Good news, everyone: Merriam-Webster has declared “feminism” its Word of the Year, beating out “complicit” in number of lookups on the dictionary’s website. Merriam-Webster’s editor-in-chief noted that the word was “in the air,” and noted that while “feminism” was no slouch in 2016, searches in 2017 surpassed the previous year’s by 70 percent. A Washington Post piece suggested that there were several reasons for the term’s prominence in 2017 web searches: the Women’s Marches that kicked off Donald Trump’s shambolic presidency; the dominance of Wonder Woman at the summer box office; and, of course, the daily revelations of high-level sexual harassment and abuse that have strafed the news cycle since early October.
But I’d suggest that maybe there’s another word behind all those lookups that’s both more fascinating and more complicated to think about: Anger. Specifically, female anger. The prominence of “feminism” in previous years had a lot to do with its co-optation by capitalism and celebrity; its primacy in 2017, however, has more to do with women and femmes having just fucking had it with patriarchy.
We salute you, lady who flipped the bird to the Presidential motorcade!
We’ve spent much of the last two years hearing endlessly about white, male anger. The fury that Donald Trump’s base channeled into public hatred of women, Black and Brown people, and the “fake news.” The entitled resentment that turned the ad hominem trolling of Gamergate into a new political strategy egged on by Steve Bannon and Breitbart. The men on Twitter and Facebook who insult women for sport but run crying to Mark Zuckerberg when women fight back. The aggrieved, polo-shirted, torch-wielding rage of the neo-Nazis who chanted “Jews will not replace us” in Charlottesville, physically attacked an interracial couple, and murdered protester Heather Heyer.
And yet the targets of this weaponized anger are still regularly encouraged to sympathize with it, take it seriously, expend time and energy to understand it. The fact that white men’s anger is perhaps the easiest thing in the world to understand—they are losing bits and pieces of their power to those over whom they have lorded it for centuries, and they are terrified—seemed lost on the many, many media outlets that urged readers and viewers to sympathize with racists, homo- and transphobes, and actual Nazis.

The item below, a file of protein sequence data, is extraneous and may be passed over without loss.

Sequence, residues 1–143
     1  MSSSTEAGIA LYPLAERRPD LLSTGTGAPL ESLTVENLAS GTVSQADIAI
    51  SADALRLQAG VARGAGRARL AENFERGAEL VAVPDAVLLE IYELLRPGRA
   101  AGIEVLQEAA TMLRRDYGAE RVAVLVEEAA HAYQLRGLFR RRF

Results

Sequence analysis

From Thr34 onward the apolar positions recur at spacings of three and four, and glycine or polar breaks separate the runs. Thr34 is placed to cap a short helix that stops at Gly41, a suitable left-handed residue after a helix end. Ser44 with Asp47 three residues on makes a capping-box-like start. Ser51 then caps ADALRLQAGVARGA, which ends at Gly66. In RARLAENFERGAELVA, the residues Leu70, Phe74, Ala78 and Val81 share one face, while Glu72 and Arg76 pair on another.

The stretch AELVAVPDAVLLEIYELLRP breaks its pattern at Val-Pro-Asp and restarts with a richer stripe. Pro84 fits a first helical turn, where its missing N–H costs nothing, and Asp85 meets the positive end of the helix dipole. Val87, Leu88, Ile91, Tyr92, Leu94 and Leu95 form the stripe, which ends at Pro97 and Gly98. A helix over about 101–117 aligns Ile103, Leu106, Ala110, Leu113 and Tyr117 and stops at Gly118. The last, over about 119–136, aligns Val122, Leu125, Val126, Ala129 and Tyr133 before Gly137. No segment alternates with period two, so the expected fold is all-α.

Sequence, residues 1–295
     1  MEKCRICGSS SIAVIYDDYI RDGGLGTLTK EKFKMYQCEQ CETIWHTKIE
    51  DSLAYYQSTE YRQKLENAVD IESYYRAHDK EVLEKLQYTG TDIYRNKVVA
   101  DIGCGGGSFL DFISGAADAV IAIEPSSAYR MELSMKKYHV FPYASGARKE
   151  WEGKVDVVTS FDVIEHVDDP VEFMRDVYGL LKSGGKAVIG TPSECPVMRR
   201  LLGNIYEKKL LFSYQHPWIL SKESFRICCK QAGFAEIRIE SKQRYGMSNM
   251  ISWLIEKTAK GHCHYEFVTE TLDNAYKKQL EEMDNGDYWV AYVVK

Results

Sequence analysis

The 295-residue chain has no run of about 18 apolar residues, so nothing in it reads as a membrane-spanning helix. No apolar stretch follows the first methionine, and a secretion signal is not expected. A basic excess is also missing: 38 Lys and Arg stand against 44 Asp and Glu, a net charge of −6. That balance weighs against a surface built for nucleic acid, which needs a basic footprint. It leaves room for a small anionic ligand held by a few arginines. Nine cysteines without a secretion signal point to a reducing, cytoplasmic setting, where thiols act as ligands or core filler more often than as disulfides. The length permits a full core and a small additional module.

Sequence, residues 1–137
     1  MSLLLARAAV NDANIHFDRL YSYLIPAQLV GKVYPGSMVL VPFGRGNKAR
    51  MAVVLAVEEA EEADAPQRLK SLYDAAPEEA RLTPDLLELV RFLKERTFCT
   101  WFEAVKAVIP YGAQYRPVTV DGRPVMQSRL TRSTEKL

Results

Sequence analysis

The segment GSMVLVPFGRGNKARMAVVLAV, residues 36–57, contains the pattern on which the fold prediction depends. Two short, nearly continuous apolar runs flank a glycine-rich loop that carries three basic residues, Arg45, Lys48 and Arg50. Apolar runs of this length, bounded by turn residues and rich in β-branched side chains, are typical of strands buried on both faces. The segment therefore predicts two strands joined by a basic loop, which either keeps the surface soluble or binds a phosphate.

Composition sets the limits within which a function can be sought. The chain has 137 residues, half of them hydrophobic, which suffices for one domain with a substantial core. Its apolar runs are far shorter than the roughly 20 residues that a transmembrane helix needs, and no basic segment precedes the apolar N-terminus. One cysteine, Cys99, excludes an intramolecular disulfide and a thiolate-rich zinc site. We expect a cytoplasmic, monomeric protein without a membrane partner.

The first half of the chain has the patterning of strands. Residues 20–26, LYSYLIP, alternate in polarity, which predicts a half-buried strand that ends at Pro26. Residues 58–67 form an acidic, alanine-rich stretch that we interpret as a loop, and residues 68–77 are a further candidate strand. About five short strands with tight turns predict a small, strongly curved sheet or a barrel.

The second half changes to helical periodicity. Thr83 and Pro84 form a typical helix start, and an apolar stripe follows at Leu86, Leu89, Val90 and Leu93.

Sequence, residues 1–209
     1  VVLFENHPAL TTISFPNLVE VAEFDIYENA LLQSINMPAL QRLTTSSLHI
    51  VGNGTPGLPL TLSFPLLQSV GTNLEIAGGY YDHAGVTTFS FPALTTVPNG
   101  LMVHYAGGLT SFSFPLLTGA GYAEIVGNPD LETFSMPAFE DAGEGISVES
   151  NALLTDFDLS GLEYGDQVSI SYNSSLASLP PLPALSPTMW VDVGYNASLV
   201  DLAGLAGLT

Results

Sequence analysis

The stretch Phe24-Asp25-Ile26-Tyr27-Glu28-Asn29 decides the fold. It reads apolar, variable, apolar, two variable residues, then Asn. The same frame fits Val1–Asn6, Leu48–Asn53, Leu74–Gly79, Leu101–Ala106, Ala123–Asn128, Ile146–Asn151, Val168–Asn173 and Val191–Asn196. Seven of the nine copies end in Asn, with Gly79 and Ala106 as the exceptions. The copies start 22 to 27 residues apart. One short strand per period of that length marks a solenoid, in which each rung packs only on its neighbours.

But while white male anger is born of fear, almost any woman’s anger provokes it. For most of our lives, female anger is a taboo that, like adjacent no-nos like power and sexual autonomy, is supposed to be kept tightly under wraps lest it spring open like some sort of jack-in-the-box Medusa. The fear of a woman’s anger is just one facet of a larger fear of women breaking the normative bonds of social control, of shirking their duties as peacekeepers and boat-righters to put themselves first. In short, it is terrifying, particularly to men, and so the history of women’s anger goes hand-in-hand with a history of oppression. Angry women were tried and burned as witches and fitted with contraptions that literally silenced them. They were hustled off to sanitariums, medicated into submission, and gaslighted until they turned their anger back on themselves. Trying to imagine the possibilities that never were—the books and music never written, the art never created, the inventions locked away or appropriated by men—is a dizzying universe in itself.
The terrible irony of female anger is that the systems that have molded and incited and taunted it are the same ones that demand that it be denied. Women are told in a million small ways that anger, along with other strong emotions, is an inappropriate response to things that by their definitions should provoke anger: discrimination, disenfranchisement, degradation, abuse. We are told that the neutral detachment of “rational” and “objective” white men is the golden mean, and that outrage and anger undermine our ability to be heard and understood by those neutral, self-appointed judges. The history of women’s rage is not a coiled rattlesnake, but an ouroboros.